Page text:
Elementary Surveying: An Introduction to Geomatics / Edition 12

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Overview

Elementary Surveying, 13e, is ideal for Surveying courses offered in Civil Engineering departments and is a useful reference for civil engineers.

This highly readable, best-selling text presents basic concepts and practical material in each of the areas fundamental to modern surveying (geomatics) practice. Its depth and breadth are ideal for self-study. The 13th Edition is updated throughout to reflect the latest advances and technology.

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Product Details

  • ISBN-13: 9780136154310
  • Publisher: Prentice Hall
  • Publication date: 1/14/2008
  • Series: Alternative eText Formats Series
  • Edition description: Older Edition
  • Edition number: 12
  • Pages: 960
  • Product dimensions: 7.66 (w) x 9.33 (h) x 1.58 (d)

Meet the Author

Dr. Charles Ghilani is a Professor of Engineering in the B.S. Surveying Engineering and A.S. Surveying Technology programs at Penn State. He holds a Ph.D. and M.S. in Civil and Environmental Engineering from the University of Wisconsin-Madison, and a B.S. degree in mathematics and education from the University of Wisconsin-Milwaukee. He has been involved in education since 1974; teaching at various levels from elementary through graduate school.

Dr. Ghilani has received numerous awards including: a Campus Innovation Award (1991) and Professional Development Award (1994), P.S.L.S. presidential commendation in 1990, Outstanding Club Advisor in 1992, a Distinguished Service Award from the Pennsylvania Society of Land Surveyors in 1995, an American Congress on Surveying and Mapping (ACSM) fellowship (1999), and the Earle J. Fennell Award (2001) for outstanding service in surveying and mapping education from ACSM. He is a member of the graduate faculty at Penn State and University of Maine.

Dr. Ghilani is a member of the American Congress of Surveying and Mapping, the American Society of Photogrammetry and Remote Sensing, the Wisconsin Society of Land Surveyors, and the Pennsylvania Society of Land Surveyors. Dr. Ghilani has authored several professional publications, including Adjustment Computations: Statistics and Least Squares in Surveying and GIS, 5th Edition, and Elementary Surveying: An Introduction to Geomatics, 13th Edition.

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Table of Contents

1 • INTRODUCTION 1
1.1 Definition of Surveying 1
1.2 Geomatics 3
1.3 History of Surveying 4
1.4 Geodetic and Plane Surveys 9
1.5 Importance of Surveying 10
1.6 Specialized Types of Surveys 11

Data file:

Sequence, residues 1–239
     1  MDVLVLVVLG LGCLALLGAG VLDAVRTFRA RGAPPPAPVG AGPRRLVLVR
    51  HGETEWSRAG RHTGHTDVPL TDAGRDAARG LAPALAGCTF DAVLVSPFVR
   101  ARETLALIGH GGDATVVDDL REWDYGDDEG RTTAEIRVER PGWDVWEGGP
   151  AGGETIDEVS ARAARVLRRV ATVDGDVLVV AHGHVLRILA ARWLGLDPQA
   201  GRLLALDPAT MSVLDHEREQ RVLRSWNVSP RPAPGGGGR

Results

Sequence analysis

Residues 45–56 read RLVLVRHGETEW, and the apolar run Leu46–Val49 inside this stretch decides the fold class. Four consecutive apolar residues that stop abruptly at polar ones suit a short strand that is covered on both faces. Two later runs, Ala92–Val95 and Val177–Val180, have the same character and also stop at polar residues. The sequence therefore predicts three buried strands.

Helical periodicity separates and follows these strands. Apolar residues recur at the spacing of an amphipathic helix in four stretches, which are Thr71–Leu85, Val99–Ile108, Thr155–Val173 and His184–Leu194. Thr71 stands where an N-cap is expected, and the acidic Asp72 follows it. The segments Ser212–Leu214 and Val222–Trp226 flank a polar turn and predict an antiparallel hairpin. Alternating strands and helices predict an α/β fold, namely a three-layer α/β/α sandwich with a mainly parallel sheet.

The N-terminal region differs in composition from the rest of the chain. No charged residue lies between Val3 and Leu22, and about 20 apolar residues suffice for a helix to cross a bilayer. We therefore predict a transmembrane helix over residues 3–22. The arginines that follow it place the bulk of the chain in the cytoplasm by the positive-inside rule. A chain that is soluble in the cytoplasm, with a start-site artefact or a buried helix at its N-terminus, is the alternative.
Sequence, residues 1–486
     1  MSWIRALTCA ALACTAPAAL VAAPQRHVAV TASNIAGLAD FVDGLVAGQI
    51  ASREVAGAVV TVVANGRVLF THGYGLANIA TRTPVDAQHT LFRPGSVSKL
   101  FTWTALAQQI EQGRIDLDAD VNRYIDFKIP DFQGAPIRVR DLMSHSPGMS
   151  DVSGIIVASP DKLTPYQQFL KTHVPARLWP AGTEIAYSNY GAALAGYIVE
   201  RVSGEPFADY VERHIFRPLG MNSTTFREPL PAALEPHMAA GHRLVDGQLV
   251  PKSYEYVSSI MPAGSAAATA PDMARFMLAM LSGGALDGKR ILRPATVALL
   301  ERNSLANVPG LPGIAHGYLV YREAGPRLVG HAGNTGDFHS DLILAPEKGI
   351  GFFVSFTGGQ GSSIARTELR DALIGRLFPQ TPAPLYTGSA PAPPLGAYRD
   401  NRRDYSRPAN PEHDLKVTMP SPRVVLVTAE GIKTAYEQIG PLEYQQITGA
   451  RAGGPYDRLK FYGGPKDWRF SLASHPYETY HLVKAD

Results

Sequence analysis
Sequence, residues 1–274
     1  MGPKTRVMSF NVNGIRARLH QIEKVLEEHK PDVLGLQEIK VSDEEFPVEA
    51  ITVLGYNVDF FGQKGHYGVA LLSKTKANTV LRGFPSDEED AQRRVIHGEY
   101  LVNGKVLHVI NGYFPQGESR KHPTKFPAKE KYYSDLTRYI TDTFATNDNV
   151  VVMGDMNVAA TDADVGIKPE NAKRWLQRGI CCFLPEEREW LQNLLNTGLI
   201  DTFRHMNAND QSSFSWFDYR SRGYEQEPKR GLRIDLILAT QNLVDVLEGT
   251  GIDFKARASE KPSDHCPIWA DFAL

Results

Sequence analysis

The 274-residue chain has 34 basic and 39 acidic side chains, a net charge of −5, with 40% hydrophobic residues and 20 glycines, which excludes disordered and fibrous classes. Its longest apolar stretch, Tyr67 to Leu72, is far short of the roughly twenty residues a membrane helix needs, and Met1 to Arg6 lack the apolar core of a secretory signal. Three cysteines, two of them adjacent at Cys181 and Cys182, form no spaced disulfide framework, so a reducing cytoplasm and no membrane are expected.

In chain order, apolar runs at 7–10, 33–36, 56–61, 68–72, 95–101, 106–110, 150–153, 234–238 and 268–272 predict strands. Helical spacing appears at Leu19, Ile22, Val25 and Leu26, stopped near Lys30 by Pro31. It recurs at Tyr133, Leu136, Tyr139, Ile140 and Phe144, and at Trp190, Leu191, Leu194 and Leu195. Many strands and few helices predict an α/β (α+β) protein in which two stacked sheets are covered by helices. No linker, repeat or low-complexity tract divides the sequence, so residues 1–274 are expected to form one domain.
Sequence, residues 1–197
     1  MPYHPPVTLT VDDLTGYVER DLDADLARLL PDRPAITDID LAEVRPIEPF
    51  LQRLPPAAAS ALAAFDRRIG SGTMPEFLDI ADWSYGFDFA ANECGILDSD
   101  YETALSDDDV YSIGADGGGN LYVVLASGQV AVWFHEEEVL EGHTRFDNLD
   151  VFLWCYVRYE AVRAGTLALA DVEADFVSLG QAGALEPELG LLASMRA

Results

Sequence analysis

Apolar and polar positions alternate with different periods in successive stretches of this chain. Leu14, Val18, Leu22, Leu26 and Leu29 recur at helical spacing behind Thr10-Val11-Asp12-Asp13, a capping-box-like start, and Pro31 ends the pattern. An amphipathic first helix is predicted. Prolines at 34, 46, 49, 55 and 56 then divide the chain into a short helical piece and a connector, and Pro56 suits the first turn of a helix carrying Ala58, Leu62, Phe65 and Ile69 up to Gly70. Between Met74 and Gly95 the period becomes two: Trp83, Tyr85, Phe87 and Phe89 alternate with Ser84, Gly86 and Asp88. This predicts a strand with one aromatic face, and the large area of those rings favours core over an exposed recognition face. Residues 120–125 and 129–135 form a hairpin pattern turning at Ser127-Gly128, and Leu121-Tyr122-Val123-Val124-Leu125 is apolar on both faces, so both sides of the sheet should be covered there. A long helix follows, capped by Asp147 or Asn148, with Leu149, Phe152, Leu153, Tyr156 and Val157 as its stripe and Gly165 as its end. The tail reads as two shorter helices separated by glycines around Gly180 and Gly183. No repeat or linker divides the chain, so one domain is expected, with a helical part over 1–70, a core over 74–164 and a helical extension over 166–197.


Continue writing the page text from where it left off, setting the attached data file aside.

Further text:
1.7 Surveying Safety 13
1.8 Land and Geographic Information Systems 14
1.9 Federal Surveying and Mapping Agencies 15
1.10 The Surveying Profession 16
1.11 Professional Surveying Organizations 17
1.12 Surveying on the Internet 18
1.13 Future Challenges in Surveying 19
Problems 20
Bibliography 21

2 • UNITS, SIGNIFICANT FIGURES, AND FIELD NOTES 23
PART I UNITS AND SIGNIFICANT FIGURES 23
2.1 Introduction 23
2.2 Units of Measurement 23
2.3 International System of Units (SI) 25
2.4 Significant Figures 27
2.5 Rounding Off Numbers 29
PART II FIELD NOTES 30
2.6 Field Notes 30
2.7 General Requirements of Handwritten Field Notes 31
2.8 Types of Field Books 32
2.9 Kinds of Notes 33
2.10 Arrangements of Notes 33
2.11 Suggestions for Recording Notes 35
2.12 Introduction to Data Collectors 36
2.13 Transfer of Files from Data Collectors 39
2.14 Digital Data File Management 41
2.15 Advantages and Disadvantages of Data Collectors 42
Problems 43
Bibliography 44

3 • THEORY OF ERRORS IN OBSERVATIONS 45
3.1 Introduction 45
3.2 Direct and Indirect Observations 45
3.3 Errors in Measurements 46
3.4 Mistakes 46
3.5 Sources of Errors in Making Observations 47
3.6 Types of Errors 47
3.7 Precision and Accuracy 48
3.8 Eliminating Mistakes and Systematic Errors 49
3.9 Probability 49
3.10 Most Probable Value 50
3.11 Residuals 51
3.12 Occurrence of Random Errors 51
3.13 General Laws of Probability 55
3.14 Measures of Precision 55
3.15 Interpretation of Standard Deviation 58
3.16 The 50, 90, and 95 Percent Errors 58
3.17 Error Propagation 60
3.18 Applications 65
3.19 Conditional Adjustment of Observations 65
3.20 Weights of Observations 66
3.21 Least-Squares Adjustment 67
3.22 Using Software 68
Problems 69
Bibliography 71

4 • LEVELING–THEORY, METHODS, AND EQUIPMENT 73
PART I LEVELING–THEORY AND METHODS 73
4.1 Introduction 73
4.2 Definitions 73
4.3 North American Vertical Datum 75
4.4 Curvature and Refraction 76
4.5 Methods for Determining Differences in Elevation 78
PART II EQUIPMENT FOR DIFFERENTIAL LEVELING 85
4.6 Categories of Levels 85
4.7 Telescopes 86
4.8 Level Vials 87
4.9 Tilting Levels 89
4.10 Automatic Levels 90
4.11 Digital Levels 91
4.12 Tripods 93
4.13 Hand Level 93
4.14 Level Rods 94
4.15 Testing and Adjusting Levels 96
Problems 100
Bibliography 102

5 • LEVELING–FIELD PROCEDURES AND COMPUTATIONS 103
5.1 Introduction 103
5.2 Carrying and Setting Up a Level 103
5.3 Duties of a Rodperson 105
5.4 Differential Leveling 106
5.5 Precision 112
5.6 Adjustments of Simple Level Circuits 113
5.7 Reciprocal Leveling 114
5.8 Three-Wire Leveling 115
5.9 Profile Leveling 117
5.10 Grid, Cross-Section, or Borrow-Pit Leveling 121
5.11 Use of the Hand Level 122
5.12 Sources of Error in Leveling 122
5.13 Mistakes 124
5.14 Reducing Errors and Eliminating Mistakes 125
5.15 Using Software 125
Problems 127
Bibliography 129

6 • DISTANCE MEASUREMENT 131